Sunday, May 26, 2019 • 13:00 - 14:30
Track 5 - From Door to Morgue: Advanced Topics in Toxicology
Track Chair: Dr. Nancy Murphy

Considerations for Dialysis in the Poisoned Patient - Dr. Marc Ghannoum

Description: A systematic and comprehensive approach for techniques such as hemodialysis in the management of the poisoned patient. This assessment requires an understanding of pharmacokinetics, the poison’s characteristics, alternative therapies, available extracorporeal techniques, and clinical condition, all of which will be presented. Current EXTRIP guidelines will be presented.

Learning Objectives
At the end of this presentation, participants will be able to:

  1. Integrate extracorporeal modalities within a clinical framework.
  2. Determine what makes a poison “dialyzable”.
  3. Review EXTRIP recommendations.

Pearls

  1. Do a proper stepwise assessment: it only takes minutes.
  2. Call your nephrologist early on. Be convincing.
  3. The management of a poisoned patient does not start and certainly does not end with dialysis.

Nephrologist and internist with research interest in pharmacology, acute kidney injury and enhanced elimination of poisons. EXTRIP workgroup chair.

Case Files from the Medical Examiner - Dr. Matt Bowes

Description:

Learning Objectives
At the end of this presentation, participants will be able to:

Pearls

Organ Donation in the Poisoned Patient - Dr. Osama Loubani

Description: Severe brain injury can occur in poisoned patients either directly because of the poisoning, or due to a secondary cause such as trauma. In these cases, organ donation should be considered, whether or not the patient is brain dead.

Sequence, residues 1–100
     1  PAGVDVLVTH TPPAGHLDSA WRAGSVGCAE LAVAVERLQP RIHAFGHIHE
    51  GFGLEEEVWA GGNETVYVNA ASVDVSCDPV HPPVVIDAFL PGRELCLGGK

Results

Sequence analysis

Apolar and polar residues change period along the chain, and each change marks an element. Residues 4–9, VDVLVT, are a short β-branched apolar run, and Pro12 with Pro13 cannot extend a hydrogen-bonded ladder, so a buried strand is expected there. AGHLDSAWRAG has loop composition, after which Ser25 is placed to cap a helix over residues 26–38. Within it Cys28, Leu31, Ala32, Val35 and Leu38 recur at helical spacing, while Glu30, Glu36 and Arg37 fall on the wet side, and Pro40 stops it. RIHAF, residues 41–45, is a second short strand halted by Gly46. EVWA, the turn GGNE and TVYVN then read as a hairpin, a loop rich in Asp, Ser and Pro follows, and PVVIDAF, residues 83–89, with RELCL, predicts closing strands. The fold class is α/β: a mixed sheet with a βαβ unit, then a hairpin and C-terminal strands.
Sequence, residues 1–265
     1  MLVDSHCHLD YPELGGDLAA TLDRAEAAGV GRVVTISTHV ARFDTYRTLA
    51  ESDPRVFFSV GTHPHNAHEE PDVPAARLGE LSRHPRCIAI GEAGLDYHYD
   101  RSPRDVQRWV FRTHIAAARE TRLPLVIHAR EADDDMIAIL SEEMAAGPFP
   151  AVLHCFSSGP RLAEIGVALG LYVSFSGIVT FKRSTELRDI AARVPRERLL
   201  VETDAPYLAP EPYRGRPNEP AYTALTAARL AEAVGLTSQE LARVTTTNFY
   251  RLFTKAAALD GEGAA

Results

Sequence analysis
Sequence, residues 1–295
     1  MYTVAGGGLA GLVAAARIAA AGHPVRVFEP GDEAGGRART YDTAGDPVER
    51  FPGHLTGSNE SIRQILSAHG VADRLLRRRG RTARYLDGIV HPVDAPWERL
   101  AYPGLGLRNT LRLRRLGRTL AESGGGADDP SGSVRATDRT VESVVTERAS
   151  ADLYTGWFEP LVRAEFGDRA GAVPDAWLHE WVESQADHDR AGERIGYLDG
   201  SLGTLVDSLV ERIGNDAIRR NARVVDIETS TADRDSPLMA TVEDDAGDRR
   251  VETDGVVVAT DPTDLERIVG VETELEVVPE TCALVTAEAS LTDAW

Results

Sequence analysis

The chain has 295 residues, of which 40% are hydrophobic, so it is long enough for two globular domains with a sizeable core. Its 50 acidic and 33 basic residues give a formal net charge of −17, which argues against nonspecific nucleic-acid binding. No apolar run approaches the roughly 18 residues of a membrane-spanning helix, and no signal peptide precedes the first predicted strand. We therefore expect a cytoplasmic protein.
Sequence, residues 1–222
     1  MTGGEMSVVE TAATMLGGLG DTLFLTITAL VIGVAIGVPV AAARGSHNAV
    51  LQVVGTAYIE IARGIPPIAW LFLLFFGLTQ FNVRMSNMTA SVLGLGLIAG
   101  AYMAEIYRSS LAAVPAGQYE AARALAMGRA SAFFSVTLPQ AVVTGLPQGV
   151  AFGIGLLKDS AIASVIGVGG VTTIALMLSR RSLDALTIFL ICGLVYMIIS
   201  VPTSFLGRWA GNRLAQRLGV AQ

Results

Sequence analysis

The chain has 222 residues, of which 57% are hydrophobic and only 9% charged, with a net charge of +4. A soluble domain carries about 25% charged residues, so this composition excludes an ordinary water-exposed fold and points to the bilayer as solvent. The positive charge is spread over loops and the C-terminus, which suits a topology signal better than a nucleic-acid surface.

Learning Objectives
At the end of this presentation, participants will be able to:

  1. Review criteria for organ donation in patients that are brain dead, and those that are not brain dead.
  2. Describe considerations specific to the poisoned patient when considering organ donation.

Pearls

  1. Organ donation is possible even in patients who are not brain dead. Donation after cardiac death can be used in patients with severe brain injuries who are not brain dead.
  2. Brain death often cannot be declared clinically in the acutely poisoned patient, ancillary are needed.
  3. Organ failure due to poisoning is sometimes reversible even in severe cases. Do not discount the potential to donate an organ just because it is injured.

I am an Emergency Physician with a fellowship in ICU. I split my time between the emergency department and intensive care in Halifax.